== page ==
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Lasers Aim to Replace Scalpels in Cutting-Edge Biopsy Technique

05-16-19

Professor Lihong Wang and Postdoctoral Scholar Dr. Junhui Shi have developed a new imaging technique that uses pulses from two kinds of lasers to take pictures of microscopic biological structures. This new approach, called ultraviolet-localized mid-infrared photoacoustic microscopy, or ULM-PAM, develops images of the microscopic structures found in a piece of tissue by bombarding the sample with both infrared and ultraviolet laser light. "Because ultraviolet light and infrared have different properties, we had to find special mirrors and glass that could focus both," Dr. Shi says. "And because no camera exists that can see both, we had to develop ways to see if they were correctly focused." [Caltech story]

Tags: EE research highlights MedE Lihong Wang postdocs Junhui Shi

Levitating Objects with Light

03-18-19

Ognjen Ilic, postdoctoral scholar in Professor Harry Atwater’s laboratory, and colleagues have designed a way to levitate and propel objects using only light, by creating specific nanoscale patterning on the objects' surfaces. "We have come up with a method that could levitate macroscopic objects," says Professor Atwater, who is also the director of the Joint Center for Artificial Photosynthesis. "There is an audaciously interesting application to use this technique as a means for propulsion of a new generation of spacecraft. We're a long way from actually doing that, but we are in the process of testing out the principles." [Caltech story]

Tags: APhMS research highlights Harry Atwater postdocs Ognjen Ilic

Best Paper Award

03-13-19

Professor Pietro Perona along with Caltech alumni David Hall and Steve Branson have won the 2018 U. V. Helava Best Paper Award from the ISPRS Journal of Photogrammetry and Remote Sensing. Their paper “From Google Maps to a fine-grained catalog of street trees” was selected for the award. The jury described the work in the paper as “innovative, and applicable for large areas of tree classification and inventories. The developed methodology would affect practices of urban tree management globally.” [Read the paper]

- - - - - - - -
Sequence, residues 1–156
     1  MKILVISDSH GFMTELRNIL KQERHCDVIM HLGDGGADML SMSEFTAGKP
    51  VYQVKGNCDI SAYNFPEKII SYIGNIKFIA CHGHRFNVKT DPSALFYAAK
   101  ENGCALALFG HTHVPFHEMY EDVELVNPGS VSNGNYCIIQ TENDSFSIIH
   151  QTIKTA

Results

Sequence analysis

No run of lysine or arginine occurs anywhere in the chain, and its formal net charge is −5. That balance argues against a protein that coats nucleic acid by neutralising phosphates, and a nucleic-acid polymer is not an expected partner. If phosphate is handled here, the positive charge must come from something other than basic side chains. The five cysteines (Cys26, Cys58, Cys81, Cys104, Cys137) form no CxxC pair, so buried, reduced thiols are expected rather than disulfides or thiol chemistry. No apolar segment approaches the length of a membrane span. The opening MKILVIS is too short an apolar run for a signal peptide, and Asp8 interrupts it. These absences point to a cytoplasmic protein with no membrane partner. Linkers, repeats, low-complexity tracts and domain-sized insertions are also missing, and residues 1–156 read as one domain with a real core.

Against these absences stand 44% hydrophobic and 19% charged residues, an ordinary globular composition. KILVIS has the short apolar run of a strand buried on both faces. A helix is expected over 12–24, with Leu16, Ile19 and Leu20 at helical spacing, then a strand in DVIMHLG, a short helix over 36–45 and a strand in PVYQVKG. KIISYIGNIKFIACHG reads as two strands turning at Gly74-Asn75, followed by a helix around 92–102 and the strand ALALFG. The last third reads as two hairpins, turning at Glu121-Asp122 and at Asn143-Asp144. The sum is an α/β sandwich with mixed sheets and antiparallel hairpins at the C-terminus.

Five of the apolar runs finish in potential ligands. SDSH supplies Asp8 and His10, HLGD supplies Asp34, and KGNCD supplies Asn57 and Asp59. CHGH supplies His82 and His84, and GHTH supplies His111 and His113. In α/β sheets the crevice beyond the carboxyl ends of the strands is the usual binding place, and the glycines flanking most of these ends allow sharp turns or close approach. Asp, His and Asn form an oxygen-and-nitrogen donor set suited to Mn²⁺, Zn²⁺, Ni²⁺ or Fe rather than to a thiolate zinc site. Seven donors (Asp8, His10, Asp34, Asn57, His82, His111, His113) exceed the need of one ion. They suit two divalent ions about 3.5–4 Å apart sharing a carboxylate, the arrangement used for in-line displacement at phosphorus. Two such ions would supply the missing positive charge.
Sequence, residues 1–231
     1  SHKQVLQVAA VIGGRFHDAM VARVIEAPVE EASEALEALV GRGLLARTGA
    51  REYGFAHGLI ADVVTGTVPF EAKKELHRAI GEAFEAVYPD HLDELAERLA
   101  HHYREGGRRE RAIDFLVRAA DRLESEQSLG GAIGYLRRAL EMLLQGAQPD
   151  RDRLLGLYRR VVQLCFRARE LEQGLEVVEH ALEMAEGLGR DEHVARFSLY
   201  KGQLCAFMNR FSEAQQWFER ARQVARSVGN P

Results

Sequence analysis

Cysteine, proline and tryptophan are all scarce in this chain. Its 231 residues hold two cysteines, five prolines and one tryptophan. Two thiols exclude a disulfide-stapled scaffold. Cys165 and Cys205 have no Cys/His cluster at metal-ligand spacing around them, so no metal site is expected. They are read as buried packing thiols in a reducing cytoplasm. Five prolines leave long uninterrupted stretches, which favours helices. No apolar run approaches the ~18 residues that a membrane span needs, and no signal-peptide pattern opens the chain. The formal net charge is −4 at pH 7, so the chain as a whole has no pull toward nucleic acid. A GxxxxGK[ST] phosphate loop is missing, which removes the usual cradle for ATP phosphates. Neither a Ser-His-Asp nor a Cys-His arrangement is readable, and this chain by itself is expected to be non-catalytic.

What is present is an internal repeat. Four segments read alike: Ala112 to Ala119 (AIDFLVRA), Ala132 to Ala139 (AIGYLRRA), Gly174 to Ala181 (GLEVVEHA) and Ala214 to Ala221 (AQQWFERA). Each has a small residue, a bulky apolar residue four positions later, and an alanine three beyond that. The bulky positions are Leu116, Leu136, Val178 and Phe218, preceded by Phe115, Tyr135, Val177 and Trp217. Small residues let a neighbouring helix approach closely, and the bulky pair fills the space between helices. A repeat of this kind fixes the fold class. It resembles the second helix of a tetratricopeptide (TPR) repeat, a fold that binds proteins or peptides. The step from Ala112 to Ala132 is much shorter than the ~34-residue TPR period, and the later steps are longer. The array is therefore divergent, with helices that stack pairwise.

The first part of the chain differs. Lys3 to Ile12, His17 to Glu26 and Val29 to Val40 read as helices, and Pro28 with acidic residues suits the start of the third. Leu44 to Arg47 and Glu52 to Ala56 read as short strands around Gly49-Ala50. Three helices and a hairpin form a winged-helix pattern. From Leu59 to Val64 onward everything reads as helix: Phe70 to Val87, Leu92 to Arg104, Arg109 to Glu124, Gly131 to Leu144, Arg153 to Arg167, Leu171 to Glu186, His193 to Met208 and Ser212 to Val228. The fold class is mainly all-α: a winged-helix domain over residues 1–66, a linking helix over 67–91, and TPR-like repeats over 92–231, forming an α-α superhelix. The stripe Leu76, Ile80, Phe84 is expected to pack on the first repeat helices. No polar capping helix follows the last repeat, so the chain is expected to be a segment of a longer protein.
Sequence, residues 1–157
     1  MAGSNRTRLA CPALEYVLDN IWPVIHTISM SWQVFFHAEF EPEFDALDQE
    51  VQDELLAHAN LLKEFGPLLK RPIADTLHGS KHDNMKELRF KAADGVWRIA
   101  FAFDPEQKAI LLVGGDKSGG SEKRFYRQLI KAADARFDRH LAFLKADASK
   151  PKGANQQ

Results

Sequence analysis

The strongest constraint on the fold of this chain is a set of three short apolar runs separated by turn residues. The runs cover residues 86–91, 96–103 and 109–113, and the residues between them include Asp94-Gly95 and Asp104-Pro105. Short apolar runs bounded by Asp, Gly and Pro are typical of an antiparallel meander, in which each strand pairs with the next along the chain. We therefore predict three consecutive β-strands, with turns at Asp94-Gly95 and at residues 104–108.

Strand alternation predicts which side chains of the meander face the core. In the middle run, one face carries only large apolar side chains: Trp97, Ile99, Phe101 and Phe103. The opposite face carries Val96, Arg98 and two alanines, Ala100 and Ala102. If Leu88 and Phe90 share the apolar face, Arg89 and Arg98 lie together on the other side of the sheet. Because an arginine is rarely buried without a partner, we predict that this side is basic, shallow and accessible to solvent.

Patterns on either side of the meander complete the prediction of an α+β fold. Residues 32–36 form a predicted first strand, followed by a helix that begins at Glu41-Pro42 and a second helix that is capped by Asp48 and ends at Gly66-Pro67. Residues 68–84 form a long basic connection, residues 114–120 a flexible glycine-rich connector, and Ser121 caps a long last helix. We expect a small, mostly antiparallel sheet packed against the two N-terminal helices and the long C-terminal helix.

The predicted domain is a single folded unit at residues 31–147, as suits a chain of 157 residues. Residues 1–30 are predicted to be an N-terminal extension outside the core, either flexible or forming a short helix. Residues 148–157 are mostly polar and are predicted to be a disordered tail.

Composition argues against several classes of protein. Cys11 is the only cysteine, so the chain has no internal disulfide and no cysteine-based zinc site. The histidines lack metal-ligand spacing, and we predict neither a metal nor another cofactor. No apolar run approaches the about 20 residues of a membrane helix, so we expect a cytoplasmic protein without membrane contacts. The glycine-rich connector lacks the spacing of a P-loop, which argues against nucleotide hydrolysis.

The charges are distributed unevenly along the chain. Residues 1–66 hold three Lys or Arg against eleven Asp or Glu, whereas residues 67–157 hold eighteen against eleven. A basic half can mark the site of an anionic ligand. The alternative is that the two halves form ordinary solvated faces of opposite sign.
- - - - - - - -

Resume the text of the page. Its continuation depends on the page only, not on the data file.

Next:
Tags: EE honors Pietro Perona alumni postdocs David Hall Steve Branson

Microscopic Devices That Control Vibrations Could Allow Smaller Mobile Devices

12-12-18

Chiara Daraio, Professor of Mechanical Engineering and Applied Physics, and colleagues have developed phononic devices that include parts that vibrate extremely fast, moving back and forth up to tens of millions of times per second. The devices were developed by creating silicon nitride drums that are just 90 nanometers thick. The drums are arranged into grids, with different grid patterns having different properties. Professor Daraio, along with former Caltech postdoctoral scholar Jinwoong Cha, have shown that arrays of these drums can act as tunable filters for signals of different frequencies and can act like one-way valves for high-frequency waves. [Caltech story]

Tags: research highlights Chiara Daraio MCE APh postdocs Jinwoong Cha

Nailing It: Caltech Engineers Help Show That InSight Lander Probe Can Hammer Itself Into Martian Soil

11-26-18

Professor José Andrade’s research team including Postdoctoral researchers Ivan Vlahinic and Jason Marshall have helped the InSight Mars lander boldly go where no one has gone before: beneath the surface of Mars. InSight is equipped with two main instrument packages: a seismometer for studying how seismic waves (for example, from marsquakes and meteorite impacts) travel through the planet and a "mole" that will burrow into the ground, dragging a tether with temperature sensors behind it to measure how temperatures change with depth on the planet. These instruments will tell scientists about Mars's interior structure (similar to the way an ultrasound lets doctors "see" inside a human body) and also about the heat flow from the planet's interior. When designing the mole the engineers at JPL wanted to be certain that it would be capable of reaching the necessary depth, and so they called on Professor Andrade, an expert on the physics of granular materials. He was able to develop new computer models that helped the JPL team predict the mole's effectiveness in Martian soil. Unless the mole encounters an obstacle, Andrade is confident that it will be successful. [Caltech story]